What is curriculum management?

Imagine a perfect curriculum– one that is tailored to your learning outcomes, with content sequencing that’s just right, teaching types that highlight your institution’s approach to learning, and everything assessed and evaluated in just the right spots. It’s a thing of beauty.

But there’s a problem. A curriculum is just a big learning plan, and as new research is published and as practices change, you will be forced to make updates to curriculum content. Abnormal assessment scores will force you to revisit your sequencing and assessment approach. Inevitably, you will be faced with curriculum drift.

How do you prevent curriculum drift from occurring? How do you ensure that your carefully designed curriculum adapts properly to the forces pushing it around? You do it with a structured set of activities designed to assess and adjust your curriculum; in other words, with curriculum management.

Let’s dive in a bit deeper to see the activities that make up curriculum management.

1. Curriculum mapping

Curriculum mapping often gets confused with curriculum management, but they’re not the same thing. Curriculum mapping is really just the first step in any curriculum management effort. It’s a process of tagging and linking the structural elements of your curriculum (phases, years, courses, sessions, etc.) with each other and with your learning outcomes and content areas. 

Curriculum mapping is essential to curriculum management because it transforms your curriculum from a series of documents and experiences into a searchable database that is an accurate representation of your curriculum. Without this database, the other steps in curriculum management are much less valuable.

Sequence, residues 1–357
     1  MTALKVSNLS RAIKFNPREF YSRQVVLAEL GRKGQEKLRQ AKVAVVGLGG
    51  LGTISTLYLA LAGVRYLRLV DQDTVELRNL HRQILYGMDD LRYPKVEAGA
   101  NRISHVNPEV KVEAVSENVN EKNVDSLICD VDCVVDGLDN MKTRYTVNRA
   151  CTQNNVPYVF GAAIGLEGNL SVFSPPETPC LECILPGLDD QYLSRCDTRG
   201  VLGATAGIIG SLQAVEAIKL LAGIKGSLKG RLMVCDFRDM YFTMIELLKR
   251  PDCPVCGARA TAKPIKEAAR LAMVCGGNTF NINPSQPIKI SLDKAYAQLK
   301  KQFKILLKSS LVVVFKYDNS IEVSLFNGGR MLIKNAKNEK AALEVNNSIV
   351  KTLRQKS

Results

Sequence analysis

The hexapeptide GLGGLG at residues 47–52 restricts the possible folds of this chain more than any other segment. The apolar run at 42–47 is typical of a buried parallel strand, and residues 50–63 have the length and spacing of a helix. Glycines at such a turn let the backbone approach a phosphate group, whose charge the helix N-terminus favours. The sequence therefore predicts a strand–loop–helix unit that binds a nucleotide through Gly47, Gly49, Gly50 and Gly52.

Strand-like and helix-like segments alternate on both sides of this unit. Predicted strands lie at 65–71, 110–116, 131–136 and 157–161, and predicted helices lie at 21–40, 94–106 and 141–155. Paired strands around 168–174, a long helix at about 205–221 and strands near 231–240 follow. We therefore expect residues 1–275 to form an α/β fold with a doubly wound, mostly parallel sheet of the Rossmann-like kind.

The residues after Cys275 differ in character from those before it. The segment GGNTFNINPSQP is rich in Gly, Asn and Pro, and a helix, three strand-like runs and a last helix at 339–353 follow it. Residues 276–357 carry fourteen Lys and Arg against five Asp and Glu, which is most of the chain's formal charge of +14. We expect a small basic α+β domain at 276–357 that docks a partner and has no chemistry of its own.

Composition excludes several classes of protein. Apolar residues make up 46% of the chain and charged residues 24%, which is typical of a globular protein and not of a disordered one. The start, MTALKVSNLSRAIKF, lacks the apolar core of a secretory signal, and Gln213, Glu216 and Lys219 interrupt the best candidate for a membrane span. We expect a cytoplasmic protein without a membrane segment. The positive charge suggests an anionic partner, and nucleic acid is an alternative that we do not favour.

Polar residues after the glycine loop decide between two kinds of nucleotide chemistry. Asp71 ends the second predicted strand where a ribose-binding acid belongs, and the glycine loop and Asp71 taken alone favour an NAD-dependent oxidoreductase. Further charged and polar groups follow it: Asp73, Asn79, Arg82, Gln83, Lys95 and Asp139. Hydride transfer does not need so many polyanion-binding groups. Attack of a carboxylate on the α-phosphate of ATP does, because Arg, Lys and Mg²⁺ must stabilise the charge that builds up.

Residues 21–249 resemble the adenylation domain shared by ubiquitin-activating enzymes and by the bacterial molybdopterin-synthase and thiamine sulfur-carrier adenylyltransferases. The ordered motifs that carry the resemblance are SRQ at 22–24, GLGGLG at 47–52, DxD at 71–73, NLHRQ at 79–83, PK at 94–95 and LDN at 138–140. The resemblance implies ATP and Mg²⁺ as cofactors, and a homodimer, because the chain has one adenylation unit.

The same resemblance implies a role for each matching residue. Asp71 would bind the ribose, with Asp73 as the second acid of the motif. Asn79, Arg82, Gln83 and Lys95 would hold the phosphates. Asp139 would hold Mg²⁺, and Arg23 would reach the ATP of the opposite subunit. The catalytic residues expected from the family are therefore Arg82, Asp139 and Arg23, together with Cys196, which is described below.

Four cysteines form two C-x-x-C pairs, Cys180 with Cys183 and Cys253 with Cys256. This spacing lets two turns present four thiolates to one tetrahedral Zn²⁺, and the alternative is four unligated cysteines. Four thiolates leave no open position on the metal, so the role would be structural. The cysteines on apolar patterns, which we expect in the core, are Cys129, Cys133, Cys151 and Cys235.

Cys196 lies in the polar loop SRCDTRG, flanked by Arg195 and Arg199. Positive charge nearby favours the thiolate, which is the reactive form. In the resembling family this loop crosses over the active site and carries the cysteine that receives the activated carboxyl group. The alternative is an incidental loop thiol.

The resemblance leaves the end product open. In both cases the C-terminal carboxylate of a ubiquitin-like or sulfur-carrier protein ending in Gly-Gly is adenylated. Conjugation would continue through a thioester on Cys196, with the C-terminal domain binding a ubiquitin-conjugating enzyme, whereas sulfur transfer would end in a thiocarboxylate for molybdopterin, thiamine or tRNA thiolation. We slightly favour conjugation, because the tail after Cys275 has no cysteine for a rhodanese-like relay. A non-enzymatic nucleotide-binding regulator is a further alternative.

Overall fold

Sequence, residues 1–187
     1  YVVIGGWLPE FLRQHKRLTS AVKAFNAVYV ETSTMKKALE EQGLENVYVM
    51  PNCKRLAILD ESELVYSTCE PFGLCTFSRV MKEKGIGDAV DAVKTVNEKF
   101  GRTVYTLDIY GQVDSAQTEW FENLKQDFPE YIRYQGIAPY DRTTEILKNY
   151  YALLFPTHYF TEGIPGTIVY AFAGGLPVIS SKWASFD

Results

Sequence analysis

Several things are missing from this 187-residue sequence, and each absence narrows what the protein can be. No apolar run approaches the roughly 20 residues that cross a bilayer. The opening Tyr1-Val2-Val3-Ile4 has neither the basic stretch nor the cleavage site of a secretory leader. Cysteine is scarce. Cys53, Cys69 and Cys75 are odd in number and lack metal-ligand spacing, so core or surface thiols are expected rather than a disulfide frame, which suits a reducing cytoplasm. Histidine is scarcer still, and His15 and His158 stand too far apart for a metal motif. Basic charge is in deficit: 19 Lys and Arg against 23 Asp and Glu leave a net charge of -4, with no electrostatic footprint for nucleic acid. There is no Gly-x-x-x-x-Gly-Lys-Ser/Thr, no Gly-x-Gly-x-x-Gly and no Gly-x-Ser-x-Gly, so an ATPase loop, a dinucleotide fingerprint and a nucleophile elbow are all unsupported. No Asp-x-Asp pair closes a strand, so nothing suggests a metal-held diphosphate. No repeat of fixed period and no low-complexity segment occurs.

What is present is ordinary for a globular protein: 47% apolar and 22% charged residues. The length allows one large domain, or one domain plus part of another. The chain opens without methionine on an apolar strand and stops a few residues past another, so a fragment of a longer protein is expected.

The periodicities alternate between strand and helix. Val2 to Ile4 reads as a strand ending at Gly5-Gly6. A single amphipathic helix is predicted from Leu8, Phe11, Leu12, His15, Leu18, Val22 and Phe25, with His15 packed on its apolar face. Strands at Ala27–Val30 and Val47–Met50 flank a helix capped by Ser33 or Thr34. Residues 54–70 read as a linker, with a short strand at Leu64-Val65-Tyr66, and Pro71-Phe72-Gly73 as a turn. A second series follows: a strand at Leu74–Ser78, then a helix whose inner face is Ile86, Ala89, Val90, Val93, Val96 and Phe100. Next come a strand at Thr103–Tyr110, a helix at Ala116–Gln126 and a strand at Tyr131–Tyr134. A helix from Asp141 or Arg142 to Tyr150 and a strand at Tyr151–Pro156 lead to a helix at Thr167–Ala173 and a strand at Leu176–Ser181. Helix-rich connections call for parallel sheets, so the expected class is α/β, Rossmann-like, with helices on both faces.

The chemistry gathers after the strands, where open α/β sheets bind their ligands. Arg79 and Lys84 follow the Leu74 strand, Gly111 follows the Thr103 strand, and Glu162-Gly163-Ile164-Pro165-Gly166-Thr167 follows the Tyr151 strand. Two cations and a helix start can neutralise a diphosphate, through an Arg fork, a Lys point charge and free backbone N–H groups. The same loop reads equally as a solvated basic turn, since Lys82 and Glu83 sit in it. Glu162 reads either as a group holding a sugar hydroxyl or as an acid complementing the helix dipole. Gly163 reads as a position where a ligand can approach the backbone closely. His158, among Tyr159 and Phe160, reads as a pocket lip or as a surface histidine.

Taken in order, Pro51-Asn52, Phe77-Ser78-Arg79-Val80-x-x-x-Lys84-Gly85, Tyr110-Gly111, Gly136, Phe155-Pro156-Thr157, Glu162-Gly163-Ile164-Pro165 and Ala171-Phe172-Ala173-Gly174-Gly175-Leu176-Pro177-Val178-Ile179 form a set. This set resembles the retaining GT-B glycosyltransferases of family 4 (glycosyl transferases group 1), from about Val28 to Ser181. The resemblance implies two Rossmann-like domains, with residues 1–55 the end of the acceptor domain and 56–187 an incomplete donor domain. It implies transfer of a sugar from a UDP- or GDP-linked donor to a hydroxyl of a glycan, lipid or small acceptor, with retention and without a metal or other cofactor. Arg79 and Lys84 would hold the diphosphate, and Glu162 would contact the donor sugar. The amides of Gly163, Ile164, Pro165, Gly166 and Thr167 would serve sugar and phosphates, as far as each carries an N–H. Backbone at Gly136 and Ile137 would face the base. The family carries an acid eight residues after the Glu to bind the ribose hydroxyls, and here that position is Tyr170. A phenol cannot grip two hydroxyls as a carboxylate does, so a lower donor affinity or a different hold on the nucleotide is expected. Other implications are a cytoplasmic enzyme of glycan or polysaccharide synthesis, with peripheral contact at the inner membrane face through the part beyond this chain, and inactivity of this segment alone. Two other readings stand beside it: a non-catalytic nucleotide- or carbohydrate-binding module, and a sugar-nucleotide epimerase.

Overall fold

2. Content and structure analysis

Once your curriculum is mapped, you can start to analyze and assess whether the content is still relevant, and if the structure supports your learning goals. Some common ways of doing this include:

Gap/redundancy analysis

A gap and/or redundancy analysis is a report that looks across your curriculum to find content gaps or redundancies. For example, you may have a redundancy because you’re teaching the same thing about diabetes in several different course areas. You may have a gap if one of your six graduation competencies is under-represented in your fourth year curriculum. 

Teaching types analysis

A teaching types analysis is a report that looks across a segment of your curriculum to provide an overview of the teaching types and frequency that your program uses. This report is often a component of an accreditation review, but it can also be used to ensure that your program stays true to its pedagogical foundation, that students are given an opportunity to have different types of learning experiences, and that content is taught in a way most appropriate.

Sequencing analysis

A sequencing analysis is a report that lets you see how topics are sequenced throughout your curriculum. To do a sequencing analysis, learning objectives or content areas are tagged with a list like Bloom’s taxonomy. You then pull a report across the content area and you can see how the content is sequenced.